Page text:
Am I reading this right? You said there's a loading screen to get into Novigrad, but all the gameplay and previous knowledge of the game says that's not true at all. PS Access did not show this when entering the city on their long video. I'm confused.
@Picola Thanks very much for reading.
Sadly, I absolutely hated the first game. I don't often get buyers remorse for games I get on sale, but I couldn't believed I had wasted $10 on it. I'm glad at least some people are enjoying the series still, but I got burnt out on the original.
I somehow just knew this game would be better than Dragon Age.
Is it bad I played an hour and a half of this, then turned my attention back to project cars? That games beautiful whether on my ps4 or pc, right away I noticed the convoluted ui that plagued the last one was corrected, as well as the camera distance behind geralt farther pulled back, I can't wait to really sink my teeth into it but I'm 50% into project cars platinum and it's got me hooked.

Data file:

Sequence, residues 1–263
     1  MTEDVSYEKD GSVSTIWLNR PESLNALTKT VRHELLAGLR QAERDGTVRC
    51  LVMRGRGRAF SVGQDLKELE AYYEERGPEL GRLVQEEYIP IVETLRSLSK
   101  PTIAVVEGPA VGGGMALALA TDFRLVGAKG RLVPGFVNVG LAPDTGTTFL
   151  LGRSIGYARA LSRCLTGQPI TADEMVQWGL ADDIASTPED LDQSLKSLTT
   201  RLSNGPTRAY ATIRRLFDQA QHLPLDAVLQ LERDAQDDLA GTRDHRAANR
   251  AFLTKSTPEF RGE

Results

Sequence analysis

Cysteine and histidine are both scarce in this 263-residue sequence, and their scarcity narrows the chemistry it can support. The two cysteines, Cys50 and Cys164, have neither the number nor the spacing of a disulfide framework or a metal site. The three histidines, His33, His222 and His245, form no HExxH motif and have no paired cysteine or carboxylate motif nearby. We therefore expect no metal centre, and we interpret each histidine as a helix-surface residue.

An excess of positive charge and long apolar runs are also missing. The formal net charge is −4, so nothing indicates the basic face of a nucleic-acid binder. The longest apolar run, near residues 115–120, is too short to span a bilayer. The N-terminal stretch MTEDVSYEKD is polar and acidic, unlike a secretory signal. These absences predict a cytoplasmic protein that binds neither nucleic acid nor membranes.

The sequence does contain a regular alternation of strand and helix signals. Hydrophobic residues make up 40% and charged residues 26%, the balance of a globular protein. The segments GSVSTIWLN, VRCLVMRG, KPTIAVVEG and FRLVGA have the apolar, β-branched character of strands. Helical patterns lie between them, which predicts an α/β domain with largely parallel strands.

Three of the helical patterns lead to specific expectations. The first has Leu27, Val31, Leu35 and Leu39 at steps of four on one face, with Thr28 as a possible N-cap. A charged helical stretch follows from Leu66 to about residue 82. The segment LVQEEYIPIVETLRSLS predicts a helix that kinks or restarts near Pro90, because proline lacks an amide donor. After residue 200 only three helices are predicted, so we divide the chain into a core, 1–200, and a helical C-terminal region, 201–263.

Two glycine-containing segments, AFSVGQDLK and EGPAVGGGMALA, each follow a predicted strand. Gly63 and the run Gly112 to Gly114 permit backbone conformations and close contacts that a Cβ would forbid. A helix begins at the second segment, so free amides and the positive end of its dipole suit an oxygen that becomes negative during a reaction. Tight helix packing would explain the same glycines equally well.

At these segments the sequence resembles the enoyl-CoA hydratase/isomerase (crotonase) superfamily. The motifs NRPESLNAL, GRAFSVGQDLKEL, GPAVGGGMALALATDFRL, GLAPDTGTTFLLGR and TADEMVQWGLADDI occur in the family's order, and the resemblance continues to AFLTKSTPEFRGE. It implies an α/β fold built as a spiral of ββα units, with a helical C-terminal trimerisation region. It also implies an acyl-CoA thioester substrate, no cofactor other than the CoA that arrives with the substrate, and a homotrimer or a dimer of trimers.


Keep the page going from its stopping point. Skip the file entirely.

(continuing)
Quests don't scale I assume... So for example at lvl5 I might have a load of quests/side Quests to do, but the only ones I'm actually able to do are the ones that progress the narrative..kind of
I'm about 4 hours in and loving it.
Where'd all the comments go!
How is it for those who got it?
@kyleforrester87 well, @ShogunRok deleted them (by mistake!) but most should be back now
@antdickens Don't worry, readers - @ShogunRok will be making the tea and coffee at Push Square Towers for the rest of the year.
Now, back to The Witcher 3...
Like @antdickens says, I was a fool earlier this morning and deleted the comments section by accident. I think @john81 posted a comment that hasn't reappeared, so sorry about that!
If you didn't get my reply, it was something like:
If you do everything it's easily over 70 hours, and those who really like the game will no doubt do over 100. If you purely go for the story quests and do as little else as possible, you're probably looking at about 30-40 hours-ish.
@get2sammyb I don't even like tea...
@ShadowIzMe I've probably worded that wrong, then. What I meant was that Novigrad is its own area in the game, which includes the city and an open countryside outside of it. There's also Velen, which is the biggest area, White Orchard, which is the starting area, and the Skellige Isles. Each of these is separated by a load screen, and each has their own separate map. Hope that makes sense!